When I first started this blog back in September 2011, I planned to write three sections each week: the writing bit, the reading bit, and the food bit. I was so enthusiastic and excited about the project that I could have written hundreds of words on each subject, every time. But I soon realised that, given that I also have a number of teaching commitments, a house to clean, a dog to walk and a husband to talk to, not to mention a Difficult Second Novel to write, I simply don’t have time to write what is essentially three posts a week. Most writers seem to blog anything from daily to occasionally. Personally, I think weekly is good, although I have to admit that recently, I have failed dismally to even keep to that.
Sadly, I don’t even have time to read as many blogs as I’d like, but now and again I have a ‘blog fest’ where I spend a whole morning catching up. In doing this recently, I took note of how frequently the blogs appeared, and I discovered that many of the daily blogs are very short, and skim the surface of the subject, whereas the longer blogs were usually more in-depth with more to get your teeth into.
Some frequent bloggers post on the same subject over several posts, e.g. Plotting: part one, part two, part three. And I think this works really well. But some short blogs promise more than they can really deliver, and it’s disappointing to find that something that suggestsan in-depth discussion about, say, point-of-view, character, or plotting, in reality only touches on the subject.
Could this be because the blogger has recognized how difficult it is to blog on a daily basis and still have time for writing a novel, short stories or whatever? How anyone, especially a writer, finds time to blog every day is beyond me. Fine, if you can come up with a riveting, pithy nugget of genius in 20 minutes flat, but the chances are that blogging every day means you’re likely to sacrifice quality in favour of brevity. Unless you can give your blog the time and attention it deserves, your reader is likely to be disappointed.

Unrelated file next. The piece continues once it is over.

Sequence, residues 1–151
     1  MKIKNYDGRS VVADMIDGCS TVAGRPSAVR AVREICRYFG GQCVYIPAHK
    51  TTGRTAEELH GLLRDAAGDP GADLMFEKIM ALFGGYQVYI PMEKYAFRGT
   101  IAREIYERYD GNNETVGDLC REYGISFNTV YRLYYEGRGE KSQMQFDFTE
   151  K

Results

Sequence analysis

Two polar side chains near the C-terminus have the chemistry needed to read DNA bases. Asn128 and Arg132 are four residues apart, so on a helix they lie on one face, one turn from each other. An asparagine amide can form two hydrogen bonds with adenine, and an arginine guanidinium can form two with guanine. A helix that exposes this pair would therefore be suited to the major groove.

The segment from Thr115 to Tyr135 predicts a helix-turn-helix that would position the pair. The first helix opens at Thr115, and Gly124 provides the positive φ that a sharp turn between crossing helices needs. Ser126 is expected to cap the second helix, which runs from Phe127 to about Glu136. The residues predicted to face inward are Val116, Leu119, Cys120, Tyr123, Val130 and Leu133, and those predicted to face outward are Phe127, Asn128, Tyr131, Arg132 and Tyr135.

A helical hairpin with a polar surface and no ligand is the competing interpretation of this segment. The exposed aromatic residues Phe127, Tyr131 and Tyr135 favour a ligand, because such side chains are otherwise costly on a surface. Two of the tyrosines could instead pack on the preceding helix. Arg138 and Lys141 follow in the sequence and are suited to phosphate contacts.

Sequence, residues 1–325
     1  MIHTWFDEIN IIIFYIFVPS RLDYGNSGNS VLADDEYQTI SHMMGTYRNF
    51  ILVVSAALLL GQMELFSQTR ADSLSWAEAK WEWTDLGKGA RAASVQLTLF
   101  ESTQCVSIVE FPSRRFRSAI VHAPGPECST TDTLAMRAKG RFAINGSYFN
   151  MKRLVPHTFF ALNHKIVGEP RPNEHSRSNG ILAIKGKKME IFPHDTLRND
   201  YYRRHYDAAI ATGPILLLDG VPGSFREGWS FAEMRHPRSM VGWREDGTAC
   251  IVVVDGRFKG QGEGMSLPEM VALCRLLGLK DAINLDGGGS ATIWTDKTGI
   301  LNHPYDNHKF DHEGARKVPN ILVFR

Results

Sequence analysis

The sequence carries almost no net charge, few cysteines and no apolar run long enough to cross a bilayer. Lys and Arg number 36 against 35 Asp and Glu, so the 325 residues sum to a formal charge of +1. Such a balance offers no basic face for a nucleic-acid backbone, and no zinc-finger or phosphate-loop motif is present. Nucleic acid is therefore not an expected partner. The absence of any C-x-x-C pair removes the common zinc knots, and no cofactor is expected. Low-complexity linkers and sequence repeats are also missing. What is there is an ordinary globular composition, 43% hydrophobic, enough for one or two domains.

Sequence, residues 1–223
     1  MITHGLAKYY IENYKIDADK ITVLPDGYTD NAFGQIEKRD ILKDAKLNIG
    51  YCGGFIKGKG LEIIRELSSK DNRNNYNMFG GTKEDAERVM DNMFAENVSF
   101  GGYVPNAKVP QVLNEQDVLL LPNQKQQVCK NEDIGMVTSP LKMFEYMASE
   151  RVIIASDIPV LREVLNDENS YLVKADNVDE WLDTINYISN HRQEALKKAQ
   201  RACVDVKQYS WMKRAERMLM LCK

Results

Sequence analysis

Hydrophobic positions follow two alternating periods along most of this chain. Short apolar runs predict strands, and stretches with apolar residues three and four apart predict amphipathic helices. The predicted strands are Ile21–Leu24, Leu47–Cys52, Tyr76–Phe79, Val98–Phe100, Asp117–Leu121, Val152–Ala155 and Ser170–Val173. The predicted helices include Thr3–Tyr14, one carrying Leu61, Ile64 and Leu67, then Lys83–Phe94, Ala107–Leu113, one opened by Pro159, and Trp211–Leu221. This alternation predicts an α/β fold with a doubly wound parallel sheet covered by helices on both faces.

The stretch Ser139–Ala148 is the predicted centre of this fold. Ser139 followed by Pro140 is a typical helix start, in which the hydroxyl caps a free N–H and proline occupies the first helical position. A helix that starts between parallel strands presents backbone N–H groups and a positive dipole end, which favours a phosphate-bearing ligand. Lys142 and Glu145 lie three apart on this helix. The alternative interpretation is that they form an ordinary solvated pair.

Having said that, there are some daily – or almost daily – blogs that really do seem to do the trick, as in, they do actually deliver. So how come there are so many brilliant brief bloggers out there? Shall I tell you my sneaking suspicion? – and I only say this because I know I’ve done the same thing myself – I’m wondering if the good daily bloggers are using their blogs as a legitimate form of procrastination. I mean, it’s writing isn’t it? Its creative, you’re practicing your skills, honing your craft; it counts, right?
Well, it does, sort of. It’s certainly better than not writing anything, and it helps to get you known, but unless you’re sure that you can deliver posts of a reasonable quality without seriously impinging on the writing time you have available, might it not be better to blog less frequently so that you can spend time on each post and still have time left to devote to your work-in-progress? The important thing, so I’m told, is that your readers know what to expect and when to expect it. To that end, I have changed the heading on this blog to reflect the fact that it will appear less frequently than it did at the start.
I like to spend a fair bit of time on each post, writing a first draft one day, leaving it overnight, then editing, tweaking and polishing the next day. Having said that, I’m sure that many of my posts contain typos, repeated words or inelegant sentences, but if I were to blog several times a week, I fear the quality would be even poorer.
Or is this whole post a transparent attempt to justify my own low output?
How about you? Do you now blog less frequently than you did at first? Or have you become even more prolific because of the regular practice?
To find out more about me and what I do, visit: www.susanelliotwright.co.uk
And to access a list of recipes and book reviews on this blog, go to: http://selliotmedia.blogspot.co.uk/2012/02/links-to-all-my-food-bits-reading-bits.html?utm_source=BP_recent